50 1. The method of making porcelain dental prostheses that is characterized by the steps of forming an impression of wax, rubber or the like, pouring into said impression a castable-refractory composition exhibiting excellent dimensional stability as evidenced by a dimension change of between 0.0 and +02% from original impression dimensions when fired at 1800 F. superior as-fired hardness, as evidenced by a BHN of about 50, said composition consisting essentially of one portion by weight of a colloidal silica sol of about 40 weight percent solids content and from 2.5 to 5 portions by weight of a dry blend of ingredients, said dry blend consisting essentially of 140 to parts by weight of magnesia. not coarser than 60 mesh, up to 40 parts by weight of alumina not coarser than --60 mesh, a number of parts by Weight of glass not coarser than -100 mesh such that said glass is present in said refractory composition to the extent of about 0 to 18 weight percent, said glass being a soda-lime silica glass having a coeffiuient of thermal expansion in the range of 10 to 12x 10'- in./in./ C. and 15 to 25 parts of ammonium dihydrogen phosphate not coarser than 100 mesh,

permitting said castable-refractory composition to harden while in said impression,

removing as a hardened piece from said impression said castable-refractory composition, and

firing said piece at a temperature of about 1-800 to 3000 F. said composition in its as-fired state containing less than about 2% of calcium aluminate.

2. A method as defined in claim 1 wherein the number of parts by weight of glass used is such that said glass is present in said refractory composition to the extent of about 14 to 18 weight percent, and in that said phosphate is ammonium dihydrogen phosphate of particle size not coarser than -l mesh.

3. The method as defined in claim 2, wherein said composition further comprises about 4 portions of dry blend per portion of colloidal silica sol.

4. A castable-refractory composition exhibiting excellent dimensional stability as evidenced by a dimension change of between 0.0 and +02% from original impression dimensions when fired at 1800 to 3000 F. and superior as-fired hardness, as evidenced by a BHN of about 50, said composition consisting essentially of one portion by weight of a colloidal silica sol of about 40 weight percent solids content and from 2.5 to 5 portions by weight of dr blend of in redients said dry blend consisting essentially of 140 to 100 parts by weight of magnesia not coarser than 60 mesh, up to 40 parts by weight of alumina not coarser than 60 mesh, a number of parts by weight of glass not coarser than 100 mesh such that said glass is present in said refractory composition to the extent of about 0 to 18 weight percent, said glass being a sodalime-silica glass having a coefiicient of thermal expansion in the range of 10 to 12X l0 in./in./" C., and 15 to 25 parts of ammonium dihydrogen phosphate said composition in its as-fired state containing less than about 2% of calcium aluminate.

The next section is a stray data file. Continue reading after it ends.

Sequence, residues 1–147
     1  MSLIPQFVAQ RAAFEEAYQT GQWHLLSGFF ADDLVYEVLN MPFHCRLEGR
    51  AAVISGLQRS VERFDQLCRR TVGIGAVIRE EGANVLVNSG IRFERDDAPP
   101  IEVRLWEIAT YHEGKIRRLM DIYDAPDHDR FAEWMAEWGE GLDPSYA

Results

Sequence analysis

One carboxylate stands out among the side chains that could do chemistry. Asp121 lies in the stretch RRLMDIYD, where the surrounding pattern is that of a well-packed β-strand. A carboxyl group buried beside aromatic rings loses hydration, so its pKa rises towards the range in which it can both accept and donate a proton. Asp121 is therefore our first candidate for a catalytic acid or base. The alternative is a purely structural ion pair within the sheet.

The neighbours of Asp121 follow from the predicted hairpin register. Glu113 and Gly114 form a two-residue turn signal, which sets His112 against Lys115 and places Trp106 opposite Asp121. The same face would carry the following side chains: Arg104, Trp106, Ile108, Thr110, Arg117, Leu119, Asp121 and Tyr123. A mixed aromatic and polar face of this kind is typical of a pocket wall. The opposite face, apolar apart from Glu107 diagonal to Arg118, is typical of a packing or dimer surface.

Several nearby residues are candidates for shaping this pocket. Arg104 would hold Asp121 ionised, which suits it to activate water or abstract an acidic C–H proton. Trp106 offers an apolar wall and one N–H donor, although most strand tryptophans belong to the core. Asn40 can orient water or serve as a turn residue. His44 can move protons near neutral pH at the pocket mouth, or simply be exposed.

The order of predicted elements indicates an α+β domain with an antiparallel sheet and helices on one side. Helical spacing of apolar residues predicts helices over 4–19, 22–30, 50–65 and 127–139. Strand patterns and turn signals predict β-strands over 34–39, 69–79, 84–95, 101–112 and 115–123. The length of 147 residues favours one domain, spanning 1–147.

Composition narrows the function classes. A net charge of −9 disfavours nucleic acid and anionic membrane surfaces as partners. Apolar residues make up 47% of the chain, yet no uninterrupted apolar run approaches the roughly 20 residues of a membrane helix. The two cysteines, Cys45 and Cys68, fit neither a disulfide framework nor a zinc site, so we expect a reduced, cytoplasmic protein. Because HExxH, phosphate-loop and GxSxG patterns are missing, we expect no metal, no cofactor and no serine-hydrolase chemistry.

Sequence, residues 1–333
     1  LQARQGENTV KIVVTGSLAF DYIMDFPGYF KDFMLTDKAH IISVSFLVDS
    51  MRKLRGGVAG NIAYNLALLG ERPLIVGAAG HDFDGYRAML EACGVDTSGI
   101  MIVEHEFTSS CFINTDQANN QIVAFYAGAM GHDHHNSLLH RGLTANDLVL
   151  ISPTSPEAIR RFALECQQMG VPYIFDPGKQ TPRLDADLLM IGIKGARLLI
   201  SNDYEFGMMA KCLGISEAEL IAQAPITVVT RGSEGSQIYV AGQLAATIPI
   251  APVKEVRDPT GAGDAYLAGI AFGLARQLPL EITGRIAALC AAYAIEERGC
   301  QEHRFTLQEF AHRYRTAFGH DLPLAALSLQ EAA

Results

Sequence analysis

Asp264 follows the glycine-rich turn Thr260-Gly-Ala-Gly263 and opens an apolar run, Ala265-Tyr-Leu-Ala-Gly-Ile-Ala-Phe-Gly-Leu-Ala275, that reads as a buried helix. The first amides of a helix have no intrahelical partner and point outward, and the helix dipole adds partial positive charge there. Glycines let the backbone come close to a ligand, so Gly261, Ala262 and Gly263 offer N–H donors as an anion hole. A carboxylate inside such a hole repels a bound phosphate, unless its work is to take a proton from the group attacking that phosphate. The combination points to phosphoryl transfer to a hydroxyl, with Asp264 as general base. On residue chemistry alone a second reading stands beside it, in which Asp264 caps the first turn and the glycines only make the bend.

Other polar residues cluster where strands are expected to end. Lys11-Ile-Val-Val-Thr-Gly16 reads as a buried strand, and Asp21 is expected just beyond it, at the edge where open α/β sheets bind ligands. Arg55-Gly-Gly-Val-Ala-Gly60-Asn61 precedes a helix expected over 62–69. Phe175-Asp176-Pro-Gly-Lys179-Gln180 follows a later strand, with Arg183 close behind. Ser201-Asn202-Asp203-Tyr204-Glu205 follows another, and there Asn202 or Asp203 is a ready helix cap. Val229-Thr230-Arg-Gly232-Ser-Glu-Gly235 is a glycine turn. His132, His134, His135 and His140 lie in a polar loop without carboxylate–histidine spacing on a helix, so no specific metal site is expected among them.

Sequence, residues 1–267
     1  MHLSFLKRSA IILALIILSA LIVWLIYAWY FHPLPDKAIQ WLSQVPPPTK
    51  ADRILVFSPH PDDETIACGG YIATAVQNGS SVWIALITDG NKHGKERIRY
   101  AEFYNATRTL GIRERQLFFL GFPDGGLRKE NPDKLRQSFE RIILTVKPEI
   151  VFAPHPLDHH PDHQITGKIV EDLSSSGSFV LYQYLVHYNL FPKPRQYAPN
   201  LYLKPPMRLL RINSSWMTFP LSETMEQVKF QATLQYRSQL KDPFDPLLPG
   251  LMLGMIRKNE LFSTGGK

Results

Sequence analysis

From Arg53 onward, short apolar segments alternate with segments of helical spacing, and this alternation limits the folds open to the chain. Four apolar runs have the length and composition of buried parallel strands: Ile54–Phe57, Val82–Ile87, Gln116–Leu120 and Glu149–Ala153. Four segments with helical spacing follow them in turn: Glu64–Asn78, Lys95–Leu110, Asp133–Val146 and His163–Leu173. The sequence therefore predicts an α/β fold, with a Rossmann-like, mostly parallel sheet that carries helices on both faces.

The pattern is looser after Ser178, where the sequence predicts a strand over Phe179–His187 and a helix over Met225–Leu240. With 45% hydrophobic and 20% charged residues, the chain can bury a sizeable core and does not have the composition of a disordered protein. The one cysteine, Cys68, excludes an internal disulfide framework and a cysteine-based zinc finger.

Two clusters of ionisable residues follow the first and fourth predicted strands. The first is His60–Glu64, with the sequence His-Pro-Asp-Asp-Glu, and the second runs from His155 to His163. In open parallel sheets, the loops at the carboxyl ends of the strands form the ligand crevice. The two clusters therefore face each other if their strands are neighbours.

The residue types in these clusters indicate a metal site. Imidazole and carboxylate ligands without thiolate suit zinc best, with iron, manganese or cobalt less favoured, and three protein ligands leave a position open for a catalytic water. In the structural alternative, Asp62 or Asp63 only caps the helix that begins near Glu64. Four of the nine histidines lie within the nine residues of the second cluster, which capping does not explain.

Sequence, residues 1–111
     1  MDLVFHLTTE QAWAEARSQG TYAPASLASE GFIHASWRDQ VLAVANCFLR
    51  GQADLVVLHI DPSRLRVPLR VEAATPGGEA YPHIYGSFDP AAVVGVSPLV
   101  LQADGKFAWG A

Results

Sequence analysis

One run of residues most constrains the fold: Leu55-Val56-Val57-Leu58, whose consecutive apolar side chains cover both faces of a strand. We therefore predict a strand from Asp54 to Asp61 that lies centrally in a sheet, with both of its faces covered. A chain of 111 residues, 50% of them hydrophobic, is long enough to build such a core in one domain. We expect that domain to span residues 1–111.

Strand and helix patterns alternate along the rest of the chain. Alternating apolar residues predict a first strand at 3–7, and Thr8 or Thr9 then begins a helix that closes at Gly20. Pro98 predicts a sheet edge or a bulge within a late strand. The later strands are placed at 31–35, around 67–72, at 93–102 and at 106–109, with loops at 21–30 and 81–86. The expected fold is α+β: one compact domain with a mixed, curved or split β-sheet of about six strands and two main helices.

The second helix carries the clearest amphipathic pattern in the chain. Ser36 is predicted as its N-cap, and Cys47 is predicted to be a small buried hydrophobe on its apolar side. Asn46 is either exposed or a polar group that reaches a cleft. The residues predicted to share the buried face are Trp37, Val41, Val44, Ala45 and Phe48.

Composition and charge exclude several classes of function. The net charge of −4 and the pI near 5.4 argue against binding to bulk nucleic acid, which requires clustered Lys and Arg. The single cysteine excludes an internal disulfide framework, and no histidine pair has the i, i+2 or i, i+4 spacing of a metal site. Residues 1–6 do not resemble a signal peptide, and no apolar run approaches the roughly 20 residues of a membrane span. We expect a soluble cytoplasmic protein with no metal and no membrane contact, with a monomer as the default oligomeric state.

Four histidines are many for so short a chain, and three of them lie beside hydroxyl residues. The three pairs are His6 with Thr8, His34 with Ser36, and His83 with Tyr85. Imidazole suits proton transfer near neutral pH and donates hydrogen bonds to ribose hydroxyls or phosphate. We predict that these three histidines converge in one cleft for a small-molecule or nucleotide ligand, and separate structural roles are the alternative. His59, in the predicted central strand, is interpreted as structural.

5. A composition as defined in claim 1, wherein the number of parts by weight of glass used is such that said glass is present in said refractory composition to the extent of about 14 to 18 weight percent, and said phosphate is ammonium dihydrogen phosphate of particle size not coarser than -l00 mesh.

6. A composition as defined in claim 5, wherein the composition contains about 4 portions of dry blend per portion of colloidal silica sol.

References Cited UNITED STATES PATENTS 2,856,302 10/1958 Reuter 106-383 2,895,838 7/1959 Ilenda 10638.3 2,928,749 3/1960 Watts l0685 2,995,453 8/1961 Noble et a] l06-85 3,078,186 2/1963 Tierney l06-58 3,309,208 3/1967 Arlett et a1 10658 3,328,880 7/1967 Schlesinger 106-35 JULIUS FROME, Primary Examiner J. H. MILLER, Assistant Examiner U.S.Cl.X.R.

Referenced by
Citing PatentFiling datePublication dateApplicantTitle
US4562882 *Feb 29, 1984Jan 7, 1986Alleluia Vincent VMethod of making a dental prosthesis
US4576922 *Jan 9, 1985Mar 18, 1986The Regents Of The University Of MichiganHigh expansion dental crown core ceramic composition
US4591385 *Jun 4, 1984May 27, 1986Aremco Products, Inc.Die material and method of using same
US4654007 *May 15, 1985Mar 31, 1987Myron International, Inc.Porcelain dental restoration method
US4689080 *Sep 19, 1986Aug 25, 1987Haruyuki KawaharaBase material composition for dental treatment
US4814011 *Nov 12, 1987Mar 21, 1989G-C Dental Industrial Corp.Investments for dental casting
US4913860 *Jul 22, 1988Apr 3, 1990Naotaka NakajiMethod of using porcelain block in porcelain press technique for dental use
US4978640 *Feb 24, 1988Dec 18, 1990Massachusetts Institute Of TechnologyDispersion strengthened composite
US5057155 *Jun 18, 1990Oct 15, 1991Okazaki Minerals & Refining Co., Ltd.Mold forming material
US5518541 *Dec 29, 1994May 21, 1996Rhone-Poulenc ChimiePhosphomagnesia cements having reduced sensitivity to water
US5559063 *Jul 12, 1995Sep 24, 1996Whip Mix CorporationRefractory material
US5595597 *Mar 6, 1996Jan 21, 1997Rhone-Poulenc ChimieProcess for producing phosphomagnesia cements having reduced sensitivity to water
Classifications
U.S. Classification264/16, 501/119, 106/35, 106/691, 264/30
International ClassificationC04B35/657, A61C13/083, C04B35/03
Cooperative ClassificationC04B35/03, A61K6/033
European ClassificationC04B35/03, A61K6/033
Legal Events
DateCodeEventDescription
Mar 6, 1989ASAssignment
Owner name: DENTSPLY INTERNATIONAL INC., A DE CORP.
Free format text: ASSIGNMENT OF ASSIGNORS INTEREST.;ASSIGNOR:CERAMCO CO.;REEL/FRAME:005041/0241
Effective date: 19881209
Mar 6, 1989AS02Assignment of assignor's interest
Owner name: CERAMCO CO.
Owner name: DENTSPLY INTERNATIONAL INC., A DE CORP.
Effective date: 19881209